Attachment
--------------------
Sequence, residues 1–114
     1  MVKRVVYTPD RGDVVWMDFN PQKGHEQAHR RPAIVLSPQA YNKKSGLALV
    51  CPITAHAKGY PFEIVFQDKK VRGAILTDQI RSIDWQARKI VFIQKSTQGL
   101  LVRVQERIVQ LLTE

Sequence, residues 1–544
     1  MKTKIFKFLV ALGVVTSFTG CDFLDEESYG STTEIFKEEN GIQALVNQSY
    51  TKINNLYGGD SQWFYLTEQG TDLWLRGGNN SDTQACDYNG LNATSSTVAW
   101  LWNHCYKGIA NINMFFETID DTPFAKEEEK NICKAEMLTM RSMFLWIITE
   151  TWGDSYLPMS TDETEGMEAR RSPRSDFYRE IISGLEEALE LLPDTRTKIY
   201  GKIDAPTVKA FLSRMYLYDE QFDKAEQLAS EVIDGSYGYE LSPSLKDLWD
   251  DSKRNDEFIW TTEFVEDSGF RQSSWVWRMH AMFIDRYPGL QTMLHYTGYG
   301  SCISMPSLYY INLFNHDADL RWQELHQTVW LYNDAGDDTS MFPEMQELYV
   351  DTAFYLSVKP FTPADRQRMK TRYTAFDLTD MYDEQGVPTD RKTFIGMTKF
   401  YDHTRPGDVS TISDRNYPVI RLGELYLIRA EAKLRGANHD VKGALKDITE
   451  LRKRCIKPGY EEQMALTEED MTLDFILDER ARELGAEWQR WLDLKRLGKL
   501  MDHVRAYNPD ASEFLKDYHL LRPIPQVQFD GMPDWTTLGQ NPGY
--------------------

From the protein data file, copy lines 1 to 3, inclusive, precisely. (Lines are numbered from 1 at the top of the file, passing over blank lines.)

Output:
Sequence, residues 1–114
     1  MVKRVVYTPD RGDVVWMDFN PQKGHEQAHR RPAIVLSPQA YNKKSGLALV
    51  CPITAHAKGY PFEIVFQDKK VRGAILTDQI RSIDWQARKI VFIQKSTQGL